Saturday, November 17, 2007

Caring for Rural Wales.

First time to be chairing Campaign for the Protection of Rural Wales meetings today - in Carno Community Centre. Luckily, we just finished in time for me to get home to help bath Ffion. She just gets cuter by the day. I wish I could live my life again - and enjoy our own four a bit more than I did, before they stopped being babies! Anyway, I was very encouraged. Good meetings.

Many people look on CPRW as 'elderly, reactionary, nimbyist, single issue (anti wind farm)incomers.' This perception is wrong on all counts - except that the 'elderly' charge could, I suppose, be partly true. Almost all the informal conversation I had was in Welsh. Everyone was very keen to bring young people into the organisation. We talked a lot about the sort of housing policies we want to see - recognising that there is a real problem for local youngsters. We talked a lot about our vision, and I pluck one line out of the supported draft which sees Wales as a country where "The Character and identity of the landscapes and communities of rural Wales are diverse, distinctive, welcoming and valued." It seems to me to be a pragmatic forward thinking organisation which younger people would be able to identify with. So if you share our aims why not join us?

5 comments:

Anonymous said...

re: housing.

There has to be legislation allowing communities to place a condition on ALL new housing that it can only be rented or sold to those who meet local "qualifications" - birth, residency, family, schooling etc. This is similar to the approach taken by Jersey.

This should only be enabled at the national level - it could be up to local communities to decide what constitutes "qualifications".

I predict a dramatic drop in Nimbyism when people know who will benefit from the new housing

Montgomeryshire Witness said...

The problem with the current local housing needs criteria is that just about anyone can get through the loop, leaving the genuine young people in need of such property still struggling.

I agree that such a clause should be nationally agreed and then the local community council or a referendum could decide specific criteria.

Glyn Davies said...

anon - It is possible to put the 100% condition on 'exception sites'. Such a condition applies to every permission granted with a Section 106 limiting occupancy to some from of employment. I've always believed that this principle should be extended. What CPRW realise is that we need to have a discussion about what is a major issue for Rural Wales.

We can't really follow the Jersey example because most of the pressure on us comes from housing policy in England - and I would not want to discriminate in this way. The discrimination should be in favour of a 'local' person.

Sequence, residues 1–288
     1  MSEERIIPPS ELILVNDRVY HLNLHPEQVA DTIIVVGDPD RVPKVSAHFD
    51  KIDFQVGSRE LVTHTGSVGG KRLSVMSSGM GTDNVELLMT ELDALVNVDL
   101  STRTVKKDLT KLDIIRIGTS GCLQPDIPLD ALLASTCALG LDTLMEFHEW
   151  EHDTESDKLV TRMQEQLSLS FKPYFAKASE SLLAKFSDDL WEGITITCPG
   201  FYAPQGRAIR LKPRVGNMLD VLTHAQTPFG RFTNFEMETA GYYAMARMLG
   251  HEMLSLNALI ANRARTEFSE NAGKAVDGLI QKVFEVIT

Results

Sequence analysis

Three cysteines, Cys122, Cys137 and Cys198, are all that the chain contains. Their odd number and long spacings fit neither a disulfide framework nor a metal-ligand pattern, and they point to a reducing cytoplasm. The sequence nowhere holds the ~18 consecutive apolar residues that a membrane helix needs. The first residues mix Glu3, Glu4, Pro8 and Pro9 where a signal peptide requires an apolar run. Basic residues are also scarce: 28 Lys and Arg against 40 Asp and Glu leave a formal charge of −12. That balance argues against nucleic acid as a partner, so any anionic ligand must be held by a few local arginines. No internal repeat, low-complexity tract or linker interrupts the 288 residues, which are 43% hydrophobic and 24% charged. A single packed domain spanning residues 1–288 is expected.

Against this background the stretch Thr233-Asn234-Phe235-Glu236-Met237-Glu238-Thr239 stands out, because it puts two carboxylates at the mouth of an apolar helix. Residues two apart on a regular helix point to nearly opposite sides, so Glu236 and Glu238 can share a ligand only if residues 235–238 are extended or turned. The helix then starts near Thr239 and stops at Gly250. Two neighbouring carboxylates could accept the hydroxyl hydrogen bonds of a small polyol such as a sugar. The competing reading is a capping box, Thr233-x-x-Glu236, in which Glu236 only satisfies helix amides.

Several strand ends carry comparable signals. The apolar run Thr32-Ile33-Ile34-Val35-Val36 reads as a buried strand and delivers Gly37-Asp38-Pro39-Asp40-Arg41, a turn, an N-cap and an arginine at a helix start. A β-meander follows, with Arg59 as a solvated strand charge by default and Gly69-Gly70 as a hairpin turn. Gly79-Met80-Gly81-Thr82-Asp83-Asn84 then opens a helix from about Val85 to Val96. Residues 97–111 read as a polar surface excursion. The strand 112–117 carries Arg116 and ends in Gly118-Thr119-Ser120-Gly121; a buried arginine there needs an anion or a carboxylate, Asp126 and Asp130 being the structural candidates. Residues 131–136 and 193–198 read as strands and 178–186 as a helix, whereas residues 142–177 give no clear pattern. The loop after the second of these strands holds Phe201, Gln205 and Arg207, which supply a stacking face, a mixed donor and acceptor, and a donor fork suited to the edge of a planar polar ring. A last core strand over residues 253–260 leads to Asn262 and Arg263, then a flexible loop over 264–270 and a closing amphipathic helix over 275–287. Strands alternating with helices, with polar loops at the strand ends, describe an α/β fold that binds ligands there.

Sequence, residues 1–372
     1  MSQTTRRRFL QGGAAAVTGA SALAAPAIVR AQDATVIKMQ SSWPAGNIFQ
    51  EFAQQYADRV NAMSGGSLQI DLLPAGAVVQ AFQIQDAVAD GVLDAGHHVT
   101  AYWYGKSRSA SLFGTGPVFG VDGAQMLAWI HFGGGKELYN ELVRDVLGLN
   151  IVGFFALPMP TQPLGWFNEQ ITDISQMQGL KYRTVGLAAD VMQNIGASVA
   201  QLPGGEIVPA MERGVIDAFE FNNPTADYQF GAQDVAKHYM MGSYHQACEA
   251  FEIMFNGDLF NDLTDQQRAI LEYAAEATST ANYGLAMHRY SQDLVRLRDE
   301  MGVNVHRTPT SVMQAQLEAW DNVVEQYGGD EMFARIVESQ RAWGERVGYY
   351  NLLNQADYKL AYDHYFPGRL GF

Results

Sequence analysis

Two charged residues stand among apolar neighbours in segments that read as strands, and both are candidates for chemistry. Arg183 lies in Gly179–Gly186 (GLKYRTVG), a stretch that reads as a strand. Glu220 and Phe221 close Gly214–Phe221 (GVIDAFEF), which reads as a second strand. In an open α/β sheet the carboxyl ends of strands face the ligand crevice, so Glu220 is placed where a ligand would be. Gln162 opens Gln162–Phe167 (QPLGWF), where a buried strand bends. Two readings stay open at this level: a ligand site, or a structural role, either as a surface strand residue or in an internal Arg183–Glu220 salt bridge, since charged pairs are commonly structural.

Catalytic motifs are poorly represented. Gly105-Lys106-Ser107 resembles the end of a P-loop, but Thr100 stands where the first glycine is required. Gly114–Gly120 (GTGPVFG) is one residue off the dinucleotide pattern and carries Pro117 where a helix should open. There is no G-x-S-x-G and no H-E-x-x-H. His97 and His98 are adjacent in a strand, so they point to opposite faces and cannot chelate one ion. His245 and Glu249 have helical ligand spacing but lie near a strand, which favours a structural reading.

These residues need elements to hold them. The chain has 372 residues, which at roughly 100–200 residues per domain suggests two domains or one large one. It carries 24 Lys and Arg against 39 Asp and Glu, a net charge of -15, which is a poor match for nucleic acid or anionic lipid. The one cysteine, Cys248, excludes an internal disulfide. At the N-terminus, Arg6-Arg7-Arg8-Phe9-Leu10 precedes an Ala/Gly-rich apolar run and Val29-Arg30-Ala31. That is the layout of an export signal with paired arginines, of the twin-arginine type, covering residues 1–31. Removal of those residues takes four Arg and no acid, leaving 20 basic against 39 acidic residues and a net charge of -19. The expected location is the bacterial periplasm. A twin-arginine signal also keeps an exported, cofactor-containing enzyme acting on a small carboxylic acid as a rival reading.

Anonymous said...

Not suggesting we follow Jersey exactly, but it's a useful model.

As witness says, too often people get through the loopholes. Also, as far as I’m aware, such things are decided at the unitary level (e.g. Gwynedd) but I think they should be decided at the community council level. Some communities might decide that they don’t mind who comes – e.g. if there aren’t many young’uns and the community is dying out. It should be up to the community to decide.

We have to recognise that communities are real entities, and in some sense land belongs to them as well as the land owner. We already recognise this in other areas e.g. pollution.

Glyn Davies said...

MW and anon - I don't agree with a decision making role being given to Community Councils over this - or at least I'd want to see how it was going to work before supporting the idea. There is a danger of things getting too parochial. I've been there and seen it.
I reckon the existing unitary level is about right - except in Powys, which is such a huge area, geographically. It should never have been made a local council. If there is a merger of Councils into 'regional' authorities, (which I believe to be very much on the agenda) things would have to change to properly recognise 'local' opinion.
I understand the principle behind the comments of both of you. The right way would be for Local Planning Authorities to be allowed more flexibility within the guidance issud by the National Assembly and for more attention to be paid to 'local councillor' opinion. And for communities to throw out councillors who don't take proper notice of community opinion.